Japan should stop harpooning whales for scientific research, the WWF environmental group said on Monday in a report denouncing the slaughter as a cover-up for commercial sales of the mammals' meat.
OSLO Japan should stop harpooning whales for scientific research, the WWF environmental group said on Monday in a report denouncing the slaughter as a cover-up for commercial sales of the mammals' meat.
Japan should instead collect whale skin samples for genetic analysis using non-lethal darts, the WWF said in a 44-page report about Japan's whaling programmes.
"It is extraordinary that Japan, one of the most technologically advanced nations in the world, continues to kill an estimated 650 whales a year using 1940s science," said Susan Lieberman, director of the WWF's global species programme.
"We call on Japan to live up to its reputation as a technologically and scientifically advanced nation, and put an end to 'scientific whaling'," she said in a statement.
Whaling nations -- mainly Japan, Norway and Iceland -- are allowed to kill whales for scientific purposes under rules of the International Whaling Commission (IWC) even though the IWC imposed a moratorium on all commercial hunts in 1986.
Yet meat from whales caught for research often ends up in restaurants or shops after the scientists have done their work, leading many opponents to see the catches as a sham to circumvent the IWC moratorium.
Japan says it needs to slaughter whales to understand their life cycles. It says it needs to dissect their stomachs, for instance, to track diets, and needs to examine whale skeletons and blubber to see if they are exposed to pollutants.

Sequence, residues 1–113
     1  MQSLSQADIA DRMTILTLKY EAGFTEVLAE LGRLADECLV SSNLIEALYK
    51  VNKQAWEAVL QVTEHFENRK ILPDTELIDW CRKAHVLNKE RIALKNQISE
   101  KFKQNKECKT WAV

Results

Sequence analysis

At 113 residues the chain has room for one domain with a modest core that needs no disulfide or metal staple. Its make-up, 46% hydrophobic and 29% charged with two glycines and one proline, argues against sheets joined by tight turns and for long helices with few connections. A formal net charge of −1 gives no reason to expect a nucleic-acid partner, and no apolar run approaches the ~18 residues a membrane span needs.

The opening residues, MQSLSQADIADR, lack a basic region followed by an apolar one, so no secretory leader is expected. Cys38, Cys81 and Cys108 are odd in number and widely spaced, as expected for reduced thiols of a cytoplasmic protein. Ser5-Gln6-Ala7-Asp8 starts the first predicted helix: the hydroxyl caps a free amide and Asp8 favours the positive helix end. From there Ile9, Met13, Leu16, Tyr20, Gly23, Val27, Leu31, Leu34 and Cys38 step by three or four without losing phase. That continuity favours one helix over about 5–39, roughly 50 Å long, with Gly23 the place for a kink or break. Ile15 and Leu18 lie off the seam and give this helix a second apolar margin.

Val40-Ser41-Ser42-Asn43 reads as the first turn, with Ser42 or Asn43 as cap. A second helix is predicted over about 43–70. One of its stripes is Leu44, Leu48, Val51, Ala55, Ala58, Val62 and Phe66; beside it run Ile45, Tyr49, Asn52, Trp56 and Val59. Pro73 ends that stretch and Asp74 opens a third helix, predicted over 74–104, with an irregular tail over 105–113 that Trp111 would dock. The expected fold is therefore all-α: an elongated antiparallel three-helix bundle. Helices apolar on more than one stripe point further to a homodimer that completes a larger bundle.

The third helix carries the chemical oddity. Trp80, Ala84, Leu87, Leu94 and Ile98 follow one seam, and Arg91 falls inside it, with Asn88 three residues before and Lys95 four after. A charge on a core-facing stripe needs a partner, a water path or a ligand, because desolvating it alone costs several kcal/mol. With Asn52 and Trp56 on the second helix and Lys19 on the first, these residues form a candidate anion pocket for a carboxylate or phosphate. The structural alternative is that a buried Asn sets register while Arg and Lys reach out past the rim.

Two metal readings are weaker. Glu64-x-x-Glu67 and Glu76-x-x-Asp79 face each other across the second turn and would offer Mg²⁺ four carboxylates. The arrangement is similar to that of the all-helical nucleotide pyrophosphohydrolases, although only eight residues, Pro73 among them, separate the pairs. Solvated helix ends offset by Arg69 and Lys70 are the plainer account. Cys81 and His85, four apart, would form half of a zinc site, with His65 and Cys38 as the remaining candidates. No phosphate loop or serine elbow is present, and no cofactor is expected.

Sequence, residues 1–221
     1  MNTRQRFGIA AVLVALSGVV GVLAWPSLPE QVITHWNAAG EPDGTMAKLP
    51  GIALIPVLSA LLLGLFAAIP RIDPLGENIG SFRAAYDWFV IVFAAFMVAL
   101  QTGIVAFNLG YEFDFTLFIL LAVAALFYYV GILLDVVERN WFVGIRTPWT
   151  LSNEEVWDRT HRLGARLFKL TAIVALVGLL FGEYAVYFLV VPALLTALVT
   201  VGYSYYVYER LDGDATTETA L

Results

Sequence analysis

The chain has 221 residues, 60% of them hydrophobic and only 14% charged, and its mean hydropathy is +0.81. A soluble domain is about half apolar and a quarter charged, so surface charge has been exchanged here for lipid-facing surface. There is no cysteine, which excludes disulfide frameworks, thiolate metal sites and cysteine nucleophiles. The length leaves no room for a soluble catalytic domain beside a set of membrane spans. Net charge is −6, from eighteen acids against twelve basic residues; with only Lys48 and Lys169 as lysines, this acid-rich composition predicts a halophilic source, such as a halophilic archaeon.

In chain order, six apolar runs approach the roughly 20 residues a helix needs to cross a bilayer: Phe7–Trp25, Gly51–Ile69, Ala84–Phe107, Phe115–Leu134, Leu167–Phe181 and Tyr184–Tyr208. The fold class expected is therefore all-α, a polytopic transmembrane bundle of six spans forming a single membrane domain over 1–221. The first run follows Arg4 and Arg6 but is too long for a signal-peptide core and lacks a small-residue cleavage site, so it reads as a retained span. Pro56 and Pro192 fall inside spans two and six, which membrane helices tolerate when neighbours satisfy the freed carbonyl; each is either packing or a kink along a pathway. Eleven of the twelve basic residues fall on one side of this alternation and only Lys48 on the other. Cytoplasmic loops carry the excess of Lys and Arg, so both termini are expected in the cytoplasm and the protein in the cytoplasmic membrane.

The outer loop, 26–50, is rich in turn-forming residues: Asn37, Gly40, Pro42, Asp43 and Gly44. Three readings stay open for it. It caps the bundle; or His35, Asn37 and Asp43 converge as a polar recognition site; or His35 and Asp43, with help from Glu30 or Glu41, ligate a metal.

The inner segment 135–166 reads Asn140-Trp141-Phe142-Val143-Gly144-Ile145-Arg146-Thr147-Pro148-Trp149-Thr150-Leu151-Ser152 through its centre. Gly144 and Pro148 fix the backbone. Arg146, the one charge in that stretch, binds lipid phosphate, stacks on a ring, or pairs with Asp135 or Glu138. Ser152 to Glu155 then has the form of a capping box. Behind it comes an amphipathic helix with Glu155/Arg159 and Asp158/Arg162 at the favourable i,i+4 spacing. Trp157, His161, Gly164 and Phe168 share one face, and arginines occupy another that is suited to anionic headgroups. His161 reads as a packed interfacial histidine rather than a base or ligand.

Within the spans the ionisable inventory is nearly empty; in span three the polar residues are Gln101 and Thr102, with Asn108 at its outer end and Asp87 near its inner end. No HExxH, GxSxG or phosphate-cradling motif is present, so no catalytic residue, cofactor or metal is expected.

Tokyo says the research will help determine whether stocks are robust enough to withstand commercial catches.
But the WWF said a biopsy dart could supply the evidence Japan needed. The long-term diet of a whale could be seen from a genetic sample of its skin, for instance.
"Japan's whaling programme is about business and politics, but not sound science," Lieberman said.
Japan has threatened to quit the IWC if the organisation fails at its next meeting in South Korea on June 20 to approve a set of rules that would allow limited commercial whaling.
Whaling nations in turn accuse the IWC of extending the moratorium on commercial hunts year after year despite scientific evidence that some whale stocks have recovered.
Norway resumed commercial whaling in 1993, saying that minke whales were again plentiful in the north Atlantic, and has set a 2005 quota of 796 whales. Like Japan, Iceland carries out scientific whaling. The fleet killed 25 minke whales last year.